- If an exception is thrown, it catches it! This may sound obvious for a debugger, but it is one of things that didn’t work very well in winpdb. You can view the traceback of the exception, and choose to restart without having to close and reopen the debugger. Actually, it asks you if you want to restart every time the script finishes too, which is also a great improvement over winpdb.
This is what it looks like. Click for a bigger picture:
Some annoyances (in case Andreas Kloeckner reads this):
- The default display for variables is type, which is completely useless. I have to manually go through and change each to str so I can see what the variable is. Is there a way to change this default?
- It asks me every time if I want to use IPython. I always want to use IPython.
- This is might be a Mac OS X Terminal bug, but when I execute a statement that takes a while to run, it doesn’t redraw the pudb window until it finishes. This means that stepping through a program “flashes” black from what is above pudb in the window, and if I run a statement that takes forever, I loose the ability to see where it is unless I keyboard interrupt. Fortunately, it catches keyboard interrupts, so I can still see the traceback.
- There is no way to resize the variables window, or to scroll sideways in it. If I want to see what a long variable expression is, I have to go to the IPython console and type it there.
Some of these might be fixable and I just don’t know it yet. But even with them, this is still an order of magnitude improvement over winpdb. Now I can actually use the debugger all the time in my coding, instead of just when I have a really tough bug and no other choice.
The first two were trivial to fix in a fork of the repository (isn’t open source awesome?). So if those are bothering you too, check out my branches at http://github.com/asmeurer/PuDB. Maybe if I have some time I will make them global options using environment variables or something and see if Andreas wants to merge them back into the main repo.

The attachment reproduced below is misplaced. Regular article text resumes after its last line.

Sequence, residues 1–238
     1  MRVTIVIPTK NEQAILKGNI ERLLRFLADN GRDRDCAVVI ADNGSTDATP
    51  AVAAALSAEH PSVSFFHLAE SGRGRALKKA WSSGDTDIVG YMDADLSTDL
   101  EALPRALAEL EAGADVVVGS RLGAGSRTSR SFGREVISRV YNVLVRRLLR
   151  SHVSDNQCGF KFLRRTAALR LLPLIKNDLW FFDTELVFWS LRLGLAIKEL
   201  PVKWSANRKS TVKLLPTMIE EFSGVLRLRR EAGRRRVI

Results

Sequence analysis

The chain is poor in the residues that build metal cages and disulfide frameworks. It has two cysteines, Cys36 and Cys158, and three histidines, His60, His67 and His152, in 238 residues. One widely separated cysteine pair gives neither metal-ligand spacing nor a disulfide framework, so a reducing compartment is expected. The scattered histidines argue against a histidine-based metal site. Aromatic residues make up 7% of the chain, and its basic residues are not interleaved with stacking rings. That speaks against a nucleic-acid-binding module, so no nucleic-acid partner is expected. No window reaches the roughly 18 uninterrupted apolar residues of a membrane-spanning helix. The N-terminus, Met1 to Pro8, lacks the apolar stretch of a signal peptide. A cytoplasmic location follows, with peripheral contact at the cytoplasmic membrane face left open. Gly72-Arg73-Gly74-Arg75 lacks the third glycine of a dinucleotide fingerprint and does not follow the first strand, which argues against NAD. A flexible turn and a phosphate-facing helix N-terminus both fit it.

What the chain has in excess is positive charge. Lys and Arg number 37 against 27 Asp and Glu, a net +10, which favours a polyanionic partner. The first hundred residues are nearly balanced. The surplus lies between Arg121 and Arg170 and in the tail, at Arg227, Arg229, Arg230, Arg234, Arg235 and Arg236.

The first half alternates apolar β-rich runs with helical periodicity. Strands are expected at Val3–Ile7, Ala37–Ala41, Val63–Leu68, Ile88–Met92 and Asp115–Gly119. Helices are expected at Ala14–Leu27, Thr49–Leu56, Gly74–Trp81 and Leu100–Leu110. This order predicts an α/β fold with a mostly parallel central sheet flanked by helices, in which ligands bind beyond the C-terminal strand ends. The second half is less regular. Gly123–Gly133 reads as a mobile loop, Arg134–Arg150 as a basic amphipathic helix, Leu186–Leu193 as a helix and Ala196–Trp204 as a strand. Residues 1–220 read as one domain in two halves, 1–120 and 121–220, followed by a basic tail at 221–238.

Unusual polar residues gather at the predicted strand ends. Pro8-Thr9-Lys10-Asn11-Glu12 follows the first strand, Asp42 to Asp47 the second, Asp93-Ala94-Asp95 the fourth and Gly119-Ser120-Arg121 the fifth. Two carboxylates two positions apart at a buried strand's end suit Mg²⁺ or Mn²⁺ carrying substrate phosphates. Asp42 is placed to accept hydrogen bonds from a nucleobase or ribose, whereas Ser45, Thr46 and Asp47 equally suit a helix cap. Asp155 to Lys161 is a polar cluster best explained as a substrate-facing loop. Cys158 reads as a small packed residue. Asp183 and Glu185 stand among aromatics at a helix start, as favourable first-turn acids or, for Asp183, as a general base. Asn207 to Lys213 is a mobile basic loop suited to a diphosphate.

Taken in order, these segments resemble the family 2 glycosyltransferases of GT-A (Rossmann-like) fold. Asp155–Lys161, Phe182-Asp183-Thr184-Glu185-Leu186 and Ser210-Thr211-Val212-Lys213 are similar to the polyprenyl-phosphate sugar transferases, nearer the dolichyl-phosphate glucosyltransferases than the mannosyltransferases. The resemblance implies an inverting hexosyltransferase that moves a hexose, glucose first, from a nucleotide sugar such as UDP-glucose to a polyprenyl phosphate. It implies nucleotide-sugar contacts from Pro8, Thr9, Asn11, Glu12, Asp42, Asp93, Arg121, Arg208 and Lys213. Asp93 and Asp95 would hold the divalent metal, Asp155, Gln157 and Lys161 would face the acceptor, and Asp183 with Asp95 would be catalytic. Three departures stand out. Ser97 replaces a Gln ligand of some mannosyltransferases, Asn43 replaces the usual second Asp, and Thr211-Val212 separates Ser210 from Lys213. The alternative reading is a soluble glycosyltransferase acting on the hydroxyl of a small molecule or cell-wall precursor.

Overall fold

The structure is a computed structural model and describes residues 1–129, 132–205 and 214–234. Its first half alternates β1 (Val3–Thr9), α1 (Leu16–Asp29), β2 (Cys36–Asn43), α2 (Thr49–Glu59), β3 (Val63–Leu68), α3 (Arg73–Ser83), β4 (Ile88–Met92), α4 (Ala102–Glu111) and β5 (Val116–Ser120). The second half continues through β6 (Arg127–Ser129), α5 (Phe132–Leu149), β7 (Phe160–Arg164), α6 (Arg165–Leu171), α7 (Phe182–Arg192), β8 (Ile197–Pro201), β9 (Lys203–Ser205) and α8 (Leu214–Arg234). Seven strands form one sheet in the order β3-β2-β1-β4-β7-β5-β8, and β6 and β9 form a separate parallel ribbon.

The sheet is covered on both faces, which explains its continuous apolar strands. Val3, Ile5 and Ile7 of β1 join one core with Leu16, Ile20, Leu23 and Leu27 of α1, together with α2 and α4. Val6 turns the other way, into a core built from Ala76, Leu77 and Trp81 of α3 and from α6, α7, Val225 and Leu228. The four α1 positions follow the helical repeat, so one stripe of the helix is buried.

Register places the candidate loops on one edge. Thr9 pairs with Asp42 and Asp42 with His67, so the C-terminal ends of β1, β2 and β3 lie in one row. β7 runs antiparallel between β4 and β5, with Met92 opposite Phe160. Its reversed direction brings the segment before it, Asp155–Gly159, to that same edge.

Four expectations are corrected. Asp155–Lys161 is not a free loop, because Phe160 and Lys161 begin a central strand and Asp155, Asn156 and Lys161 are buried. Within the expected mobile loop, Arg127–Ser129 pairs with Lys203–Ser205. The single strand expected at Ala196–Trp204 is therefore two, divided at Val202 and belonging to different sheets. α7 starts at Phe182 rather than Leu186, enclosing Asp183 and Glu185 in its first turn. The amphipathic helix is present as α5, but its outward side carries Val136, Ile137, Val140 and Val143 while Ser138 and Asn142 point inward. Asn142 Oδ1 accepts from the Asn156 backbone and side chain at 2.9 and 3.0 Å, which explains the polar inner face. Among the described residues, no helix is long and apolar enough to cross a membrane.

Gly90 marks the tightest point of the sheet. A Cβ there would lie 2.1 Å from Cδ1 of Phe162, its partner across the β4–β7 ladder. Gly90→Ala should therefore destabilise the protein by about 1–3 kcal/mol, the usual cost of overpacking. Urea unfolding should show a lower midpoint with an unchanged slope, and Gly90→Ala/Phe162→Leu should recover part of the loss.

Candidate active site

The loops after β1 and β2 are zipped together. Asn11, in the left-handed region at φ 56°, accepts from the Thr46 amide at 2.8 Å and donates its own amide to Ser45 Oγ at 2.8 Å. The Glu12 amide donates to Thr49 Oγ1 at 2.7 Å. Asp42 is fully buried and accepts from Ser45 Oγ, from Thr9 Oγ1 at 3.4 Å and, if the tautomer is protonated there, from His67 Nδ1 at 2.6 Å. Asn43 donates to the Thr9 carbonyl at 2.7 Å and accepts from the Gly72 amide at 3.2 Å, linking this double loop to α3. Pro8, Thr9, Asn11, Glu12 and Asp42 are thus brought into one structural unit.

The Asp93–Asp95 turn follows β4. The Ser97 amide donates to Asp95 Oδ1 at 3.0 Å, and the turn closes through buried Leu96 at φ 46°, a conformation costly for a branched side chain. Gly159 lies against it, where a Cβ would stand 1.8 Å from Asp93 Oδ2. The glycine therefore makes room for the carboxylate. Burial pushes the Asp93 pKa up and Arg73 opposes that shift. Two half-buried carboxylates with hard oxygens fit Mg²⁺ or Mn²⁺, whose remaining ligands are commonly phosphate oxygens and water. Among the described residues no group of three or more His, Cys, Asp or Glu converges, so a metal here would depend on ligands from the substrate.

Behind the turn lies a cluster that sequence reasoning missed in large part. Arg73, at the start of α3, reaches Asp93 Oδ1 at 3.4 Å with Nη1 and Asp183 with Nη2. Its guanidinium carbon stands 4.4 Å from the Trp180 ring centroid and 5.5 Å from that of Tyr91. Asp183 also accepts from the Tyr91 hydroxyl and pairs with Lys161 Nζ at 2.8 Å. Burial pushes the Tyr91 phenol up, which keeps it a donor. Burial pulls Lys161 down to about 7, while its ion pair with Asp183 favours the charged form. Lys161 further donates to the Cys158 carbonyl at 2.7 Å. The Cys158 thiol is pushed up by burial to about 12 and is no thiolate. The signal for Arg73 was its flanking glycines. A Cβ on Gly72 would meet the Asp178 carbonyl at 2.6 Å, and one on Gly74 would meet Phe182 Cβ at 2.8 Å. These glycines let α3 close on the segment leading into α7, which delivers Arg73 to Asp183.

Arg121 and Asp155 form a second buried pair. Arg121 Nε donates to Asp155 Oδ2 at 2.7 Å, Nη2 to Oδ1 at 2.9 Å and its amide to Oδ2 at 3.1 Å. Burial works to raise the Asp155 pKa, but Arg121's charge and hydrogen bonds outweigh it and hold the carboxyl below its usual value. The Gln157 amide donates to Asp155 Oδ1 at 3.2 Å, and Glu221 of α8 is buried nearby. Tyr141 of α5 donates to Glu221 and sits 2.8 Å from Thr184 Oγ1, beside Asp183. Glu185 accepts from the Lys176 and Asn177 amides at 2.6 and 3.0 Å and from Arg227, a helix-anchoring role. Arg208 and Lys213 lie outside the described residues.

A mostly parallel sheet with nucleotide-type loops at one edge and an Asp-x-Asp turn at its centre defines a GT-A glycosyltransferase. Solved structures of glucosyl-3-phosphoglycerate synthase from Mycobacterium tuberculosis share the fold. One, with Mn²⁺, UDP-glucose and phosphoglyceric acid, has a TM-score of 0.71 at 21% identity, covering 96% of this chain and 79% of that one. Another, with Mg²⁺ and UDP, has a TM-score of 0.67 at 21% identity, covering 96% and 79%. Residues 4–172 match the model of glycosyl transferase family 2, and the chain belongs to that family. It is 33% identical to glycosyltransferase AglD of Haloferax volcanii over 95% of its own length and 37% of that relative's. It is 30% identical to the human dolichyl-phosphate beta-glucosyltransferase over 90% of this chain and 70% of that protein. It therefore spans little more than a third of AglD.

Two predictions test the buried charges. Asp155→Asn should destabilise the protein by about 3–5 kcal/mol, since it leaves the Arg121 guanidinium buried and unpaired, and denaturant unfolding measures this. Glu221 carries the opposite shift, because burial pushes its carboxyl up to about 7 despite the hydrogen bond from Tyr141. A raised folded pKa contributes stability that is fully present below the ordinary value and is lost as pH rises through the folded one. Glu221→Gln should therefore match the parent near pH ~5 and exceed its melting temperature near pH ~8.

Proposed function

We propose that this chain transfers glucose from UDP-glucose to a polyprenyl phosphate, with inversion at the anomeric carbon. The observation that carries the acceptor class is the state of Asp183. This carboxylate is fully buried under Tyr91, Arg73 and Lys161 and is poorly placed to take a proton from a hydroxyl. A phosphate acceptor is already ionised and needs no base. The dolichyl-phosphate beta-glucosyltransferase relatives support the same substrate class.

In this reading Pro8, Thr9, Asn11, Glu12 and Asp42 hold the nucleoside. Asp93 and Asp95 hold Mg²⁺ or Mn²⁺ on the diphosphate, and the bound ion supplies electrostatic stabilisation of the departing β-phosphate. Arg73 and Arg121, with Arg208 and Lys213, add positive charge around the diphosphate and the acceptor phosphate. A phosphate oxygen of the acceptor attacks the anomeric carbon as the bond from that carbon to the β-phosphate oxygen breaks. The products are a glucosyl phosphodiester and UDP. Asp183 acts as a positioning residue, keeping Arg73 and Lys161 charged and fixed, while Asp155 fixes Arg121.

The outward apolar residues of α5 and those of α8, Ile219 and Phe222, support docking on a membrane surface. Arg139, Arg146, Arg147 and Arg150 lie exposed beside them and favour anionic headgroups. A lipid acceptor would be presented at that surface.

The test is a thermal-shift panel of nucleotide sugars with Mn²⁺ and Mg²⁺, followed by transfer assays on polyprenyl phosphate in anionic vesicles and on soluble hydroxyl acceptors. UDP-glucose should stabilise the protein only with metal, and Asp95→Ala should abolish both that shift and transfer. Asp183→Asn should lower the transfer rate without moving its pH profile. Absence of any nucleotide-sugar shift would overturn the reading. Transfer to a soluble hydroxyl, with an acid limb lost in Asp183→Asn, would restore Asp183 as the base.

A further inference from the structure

As for the second one, I realized that it might be a good thing, because you can see anything that is printed. Still, I would prefer seeing both, if possible (and the black flashes are annoying).
You can resize the side view by pushing +/-, though there doesn’t seem to be a way to, say, make the variables view bigger and the breakpoints view smaller.
A while back Ondrej modified the code to have a different color theme, and I followed suit. See this conversation at GitHub. So now, instead of looking like a DOS terminal, in PuDB for me looks like this:
Also, having used this all summer (and it was a life-saver having it in multiple occasions, and I am sure made my development speed at least twice as fast in others), I have one additional gripe. It is too difficult to arrow up to the variable that you want to access in the variables view. It would be nice to have a page up/page down feature there.
UPDATE 4: PuDB has since improved a lot, include many fixes by myself. It now supports themes, saved settings, variable name wrapping, and more. See this followup post.